DOL Issues Guidance on Third-Party Joint Employment Under New FLSA RuleImage Banner

DOL Issues Guidance on Third-Party Joint Employment Under New FLSA Rule

You are here

DOL Issues Guidance on Third-Party Joint Employment Under New FLSA Rule

June 20, 2014
Late Thursday, the Department of Labor (DOL) released long-awaited guidance on joint employment situations. The guidance comes in the form of a new Administrator's Interpretation (AI) and an updated fact sheet. The AI is a longer document which includes detailed legal analysis and citations, while the fact sheet is a more plain-language summary. The DOL also recently updated sections of its Frequently Asked Questions (FAQs) to provide additional guidance on topics including independent contractors, respite workers, paid family members, sleep time, and travel. 
 
Since the finalization of the rule "Application of Fair Labor Standards Act [FLSA] to Domestic Service" in October 2013, the DOL has worked closely with stakeholders, including significant consultation with ANCOR,  to issue guidance to assist states, providers, and people served implement the new rule. This most recent guidance focuses specifically on the impact of the rule to Medicaid-funded consumer-directed programs. DOL notes that the final rule did not change any prior guidance about joint employment, though it may create new minimum wage and overtime obligations for provider or state agencies which "will require every potential employer to evaluate whether it may be a joint employer under the FLSA". The guidance summarizes existing case law on joint employment principles and provides hypotheticals analyzing how these principles would apply in various common home-care situations. 
 
The guidance notes that joint employment is determined by applying the "economic realities" test, which examines several factors to determine whether a worker is economically dependent on his or her purported employer to the extent that an employment relationship is created. The test is subjective and highly fact-specific. Among factors considered are:
 
  • whether a possible employer has the power to direct, control, or supervise the worker(s) or the work performed;
  • whether a possible employer has the power to hire or fire, modify the employment conditions or determine the pay rates or the methods of wage payment for the worker(s);
  • the degree of permanency and duration of the relationship;
  • where the work is performed and whether the tasks performed require special skills;
  • whether the work performed is an integral part of the overall business operation;
  • whether a possible employer undertakes responsibilities in relation to the worker(s) which are commonly performed by employers;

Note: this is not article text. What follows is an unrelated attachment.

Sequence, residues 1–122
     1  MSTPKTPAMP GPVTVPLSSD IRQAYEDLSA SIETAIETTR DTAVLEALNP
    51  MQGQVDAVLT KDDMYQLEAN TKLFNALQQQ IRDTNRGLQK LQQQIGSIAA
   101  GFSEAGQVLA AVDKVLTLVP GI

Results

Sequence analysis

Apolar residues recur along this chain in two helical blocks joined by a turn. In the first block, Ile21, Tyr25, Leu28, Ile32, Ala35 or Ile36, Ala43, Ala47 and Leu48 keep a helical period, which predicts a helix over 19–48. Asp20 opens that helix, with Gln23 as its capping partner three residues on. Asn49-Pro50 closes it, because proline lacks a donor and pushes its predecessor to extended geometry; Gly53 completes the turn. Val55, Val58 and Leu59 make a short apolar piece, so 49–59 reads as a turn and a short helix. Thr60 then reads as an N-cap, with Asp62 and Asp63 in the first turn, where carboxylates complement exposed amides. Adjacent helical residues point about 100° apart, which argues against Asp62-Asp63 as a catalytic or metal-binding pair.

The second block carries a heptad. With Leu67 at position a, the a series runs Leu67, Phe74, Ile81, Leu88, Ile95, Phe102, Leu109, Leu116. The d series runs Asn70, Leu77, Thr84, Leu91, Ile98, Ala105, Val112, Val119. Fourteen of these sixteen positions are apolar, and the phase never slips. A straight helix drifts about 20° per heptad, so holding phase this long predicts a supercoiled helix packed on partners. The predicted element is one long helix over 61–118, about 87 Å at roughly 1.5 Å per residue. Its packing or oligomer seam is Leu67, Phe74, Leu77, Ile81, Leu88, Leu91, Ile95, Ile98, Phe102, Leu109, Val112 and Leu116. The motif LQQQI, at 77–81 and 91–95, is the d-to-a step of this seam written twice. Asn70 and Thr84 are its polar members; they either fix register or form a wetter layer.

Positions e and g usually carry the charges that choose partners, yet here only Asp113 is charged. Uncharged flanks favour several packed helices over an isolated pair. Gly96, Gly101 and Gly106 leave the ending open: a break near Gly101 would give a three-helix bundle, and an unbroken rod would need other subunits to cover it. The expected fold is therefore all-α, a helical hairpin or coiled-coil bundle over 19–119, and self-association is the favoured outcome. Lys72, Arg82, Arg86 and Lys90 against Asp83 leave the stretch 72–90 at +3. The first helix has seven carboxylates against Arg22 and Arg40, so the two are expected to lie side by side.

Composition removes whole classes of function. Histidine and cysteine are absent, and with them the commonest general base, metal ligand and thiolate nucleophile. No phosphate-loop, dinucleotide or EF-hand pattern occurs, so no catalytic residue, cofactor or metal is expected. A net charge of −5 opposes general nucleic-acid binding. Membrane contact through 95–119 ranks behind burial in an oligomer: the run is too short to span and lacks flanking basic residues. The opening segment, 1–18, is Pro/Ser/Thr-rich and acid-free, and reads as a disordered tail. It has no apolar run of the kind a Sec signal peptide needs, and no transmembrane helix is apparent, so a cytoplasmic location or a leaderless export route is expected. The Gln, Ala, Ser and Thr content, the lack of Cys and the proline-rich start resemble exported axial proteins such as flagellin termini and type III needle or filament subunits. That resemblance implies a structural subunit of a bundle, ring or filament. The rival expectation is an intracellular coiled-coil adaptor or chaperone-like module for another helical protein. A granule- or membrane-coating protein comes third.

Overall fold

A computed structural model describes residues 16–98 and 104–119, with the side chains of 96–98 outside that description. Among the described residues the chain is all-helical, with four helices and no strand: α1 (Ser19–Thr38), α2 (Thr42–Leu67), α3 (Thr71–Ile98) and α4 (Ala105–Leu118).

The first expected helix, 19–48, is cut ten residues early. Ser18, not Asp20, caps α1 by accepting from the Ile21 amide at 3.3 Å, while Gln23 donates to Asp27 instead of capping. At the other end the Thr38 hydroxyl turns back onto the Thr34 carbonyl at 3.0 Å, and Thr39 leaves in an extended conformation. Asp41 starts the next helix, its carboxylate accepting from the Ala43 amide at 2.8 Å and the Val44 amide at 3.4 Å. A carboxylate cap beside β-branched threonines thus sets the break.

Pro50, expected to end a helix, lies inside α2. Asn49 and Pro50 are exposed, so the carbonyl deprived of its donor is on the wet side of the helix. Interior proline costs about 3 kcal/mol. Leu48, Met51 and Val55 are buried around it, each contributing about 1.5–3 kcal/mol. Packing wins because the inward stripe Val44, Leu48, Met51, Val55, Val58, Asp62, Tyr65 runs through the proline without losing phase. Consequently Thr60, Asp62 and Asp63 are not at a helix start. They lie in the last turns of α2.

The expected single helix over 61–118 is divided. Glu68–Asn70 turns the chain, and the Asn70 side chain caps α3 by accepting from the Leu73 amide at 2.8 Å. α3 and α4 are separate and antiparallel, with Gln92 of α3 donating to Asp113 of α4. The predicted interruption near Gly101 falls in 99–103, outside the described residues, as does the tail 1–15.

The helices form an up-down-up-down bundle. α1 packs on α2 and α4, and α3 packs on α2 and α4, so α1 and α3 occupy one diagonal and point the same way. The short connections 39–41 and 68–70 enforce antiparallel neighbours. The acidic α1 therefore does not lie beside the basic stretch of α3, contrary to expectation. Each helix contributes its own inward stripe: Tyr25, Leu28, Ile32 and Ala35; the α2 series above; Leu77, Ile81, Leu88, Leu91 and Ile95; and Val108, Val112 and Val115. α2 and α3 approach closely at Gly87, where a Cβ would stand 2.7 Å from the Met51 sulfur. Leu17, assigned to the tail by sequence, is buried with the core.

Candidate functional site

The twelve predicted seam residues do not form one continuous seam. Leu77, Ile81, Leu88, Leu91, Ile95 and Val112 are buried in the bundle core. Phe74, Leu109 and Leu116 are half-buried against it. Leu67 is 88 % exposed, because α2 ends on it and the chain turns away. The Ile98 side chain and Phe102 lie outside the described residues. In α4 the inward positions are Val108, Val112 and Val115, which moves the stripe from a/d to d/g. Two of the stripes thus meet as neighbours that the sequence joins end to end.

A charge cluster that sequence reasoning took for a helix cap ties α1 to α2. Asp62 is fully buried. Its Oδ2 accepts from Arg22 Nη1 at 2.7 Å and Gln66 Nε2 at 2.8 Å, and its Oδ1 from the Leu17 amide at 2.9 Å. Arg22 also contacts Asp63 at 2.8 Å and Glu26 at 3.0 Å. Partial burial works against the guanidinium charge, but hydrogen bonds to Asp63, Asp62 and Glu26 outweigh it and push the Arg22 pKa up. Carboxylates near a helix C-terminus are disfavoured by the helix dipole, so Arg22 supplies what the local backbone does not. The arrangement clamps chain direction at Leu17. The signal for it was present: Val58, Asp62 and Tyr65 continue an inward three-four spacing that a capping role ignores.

• whose equipment is used; and
  • who performs payroll and similar functions.

DOL emphasizes that “a determination of whether joint employment exists must be based upon all the facts of the particular case” and that “no one factor is controlling.” The ultimate question, DOL explains,  is one of economic dependence.

DOL asserts that “many home care providers are jointly employed by two or more entities,” which may include a consumer, a private home care agency, a non-profit organization, or a public entity. The Department particularly points out that “a public entity and a consumer may jointly employ a provider through a Medicaid-funded consumer-directed program.” Other third parties, such as a provider agency or a Managed Care Organization (MCO), may also be joint employers in consumer-directed programs.

The rule does not allow third-party employers to claim either the companionship exemption or the exemption from overtime for live-in domestic services, even when that third-party employer is in a joint employment relationship with a family or individual who may properly claim the exemption. The rule requires that workers working for a single third-party employer, even if they serve multiple consumers, be compensated at the overtime rate for all hours worked over 40 in a workweek, as well as compensated for travel time when moving between multiple work locations.  

DOL hosted a call with stakeholders on Thursday to go over the guidance, and noted on the call that the Centers for Medicare and Medicaid Services (CMS) is currently developing guidance to assist state Medicaid programs to structure their systems to support the FLSA obligations to pay for overtime and travel time in situations where workers serve multiple individuals. That guidance is expected "soon", but as of yet there is no firm estimated date for its issuance. DOL representatives also noted that they have heard clearly the request from multiple stakeholders to delay implementation of the rule, but did not indicate that the implementation date would be extended beyond the current date of January 1, 2015.